Power of Engagement - ZM Coach
Are you or your team members feeling blah?

Are you struggling to motivate team members, who are distracted and disengaged?

Or are you feeling disengaged yourself – sluggish, meh, or simply out of energy for work?

This week we’re talking about why Employee Engagement has never been so important, and what you can do to impact it, even if you’re struggling to stay energized.

If you’re:

  • feeling disengaged in your work, or
  • overwhelmed and worried it might lead you to start to disengage, or
  • struggling to lead a team where people are distracted and disengaged

I can help. Book a call with me today. We’ll get on the phone for about 45 minutes and talk about your situation, and steps you can take right away to turn it around. As we’re digging into that, if it looks like you’d benefit from ongoing support, and we’re a fit to work together, we’ll talk about what that would like.

Either way, I promise it will be one of the best conversations you’ve had about your career.

The Problem

Employee engagement has never been more challenging, or more important.

What is Employee Engagement? It may seem like it’s only something that HR measures in a survey every year. People fuss over it for a few weeks, and then everything goes back to normal. Employee engagement is so much more. It’s the energy that drives results. It’s when everyone is on point, focused, doing their best work. It’s when people are showing up with energy and ideas. It’s what it feels like when everyone brings their creativity and their spirit to their work.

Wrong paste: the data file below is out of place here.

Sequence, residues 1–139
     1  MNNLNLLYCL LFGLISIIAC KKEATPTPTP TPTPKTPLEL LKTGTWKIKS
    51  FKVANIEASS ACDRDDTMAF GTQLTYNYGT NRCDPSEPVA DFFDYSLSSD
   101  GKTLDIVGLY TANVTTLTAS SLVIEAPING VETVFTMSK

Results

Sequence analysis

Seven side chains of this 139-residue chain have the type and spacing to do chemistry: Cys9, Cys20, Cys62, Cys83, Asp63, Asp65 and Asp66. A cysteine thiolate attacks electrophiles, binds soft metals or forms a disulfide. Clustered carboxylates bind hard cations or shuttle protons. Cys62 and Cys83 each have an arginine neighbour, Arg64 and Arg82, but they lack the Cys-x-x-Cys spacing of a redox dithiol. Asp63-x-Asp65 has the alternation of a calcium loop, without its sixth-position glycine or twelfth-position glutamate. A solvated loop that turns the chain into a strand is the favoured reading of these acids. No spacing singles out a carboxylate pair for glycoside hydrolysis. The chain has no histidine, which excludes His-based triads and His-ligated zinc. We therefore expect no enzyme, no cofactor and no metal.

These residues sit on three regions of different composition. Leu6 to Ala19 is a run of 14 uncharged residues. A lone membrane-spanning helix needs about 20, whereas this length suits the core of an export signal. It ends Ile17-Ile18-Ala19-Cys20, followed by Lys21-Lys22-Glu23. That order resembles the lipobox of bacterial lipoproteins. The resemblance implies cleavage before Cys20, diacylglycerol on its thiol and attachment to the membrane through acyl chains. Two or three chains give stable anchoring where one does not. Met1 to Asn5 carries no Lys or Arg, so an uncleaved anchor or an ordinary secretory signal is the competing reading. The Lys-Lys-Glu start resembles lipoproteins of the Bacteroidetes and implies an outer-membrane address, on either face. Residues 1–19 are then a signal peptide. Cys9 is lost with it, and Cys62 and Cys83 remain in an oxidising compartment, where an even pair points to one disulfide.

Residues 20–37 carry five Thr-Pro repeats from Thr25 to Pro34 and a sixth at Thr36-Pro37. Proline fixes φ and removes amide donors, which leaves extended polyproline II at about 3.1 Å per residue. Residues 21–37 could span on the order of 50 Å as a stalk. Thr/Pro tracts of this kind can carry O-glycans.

Sadly, employee engagement is severely lacking in the U.S. Even before the pandemic this was true. Gallup reports that in 2019 employee engagement was up – at 35%. They saw this as something to celebrate, because it was a point or two better than before. The fact that 65% of employees in the U.S. aren’t engaged is not something to celebrate. That means 2/3’s of employees are only showing up and going through the motions. They’re putting in time, checked out. Watch any show about office life and you can see what a trope this has become in our culture. It’s sad.

The pandemic has made this even worse. People are distracted by real concerns about safety. They’re worried about the economy. They fear for their jobs. They’re juggling childcare. All of this means even lower levels of engagement, as people struggle to get through the day.

You may be feeling this yourself – sluggish, disconnected, blah. Finding it hard to get up in the morning, hard to get excited about what you’re working on. There’s plenty of work to do, but you’re hard-pressed to find the energy to tackle it all.

You’ve likely seen it in your team members. Lack of productivity. Not being proactive. Letting problems slide by without addressing them. Waiting to be told what to do. This puts you in a difficult spot. You don’t want to micromanage, but getting anything done feels like pushing string up hill.

It’s a real problem. Engaged energy is necessary if we’re to overcome the current challenges. It will take hard work and creativity to serve customers and constituents in new ways. Engaged energy is also important for teamwork. New ways of working require coordination, collaboration and communication. That’s the kind of thing that gets dropped when people are disengaged, just moving through their days.

Employee engagement will make all the difference. The people that are successful will be the ones who bring their energy to work and pull together. That means, as a manager, “engagement” needs to be one of the top words in your vocabulary.

Re-Engaging Yourself

First for yourself. Here are a few strategies for finding your energy for work: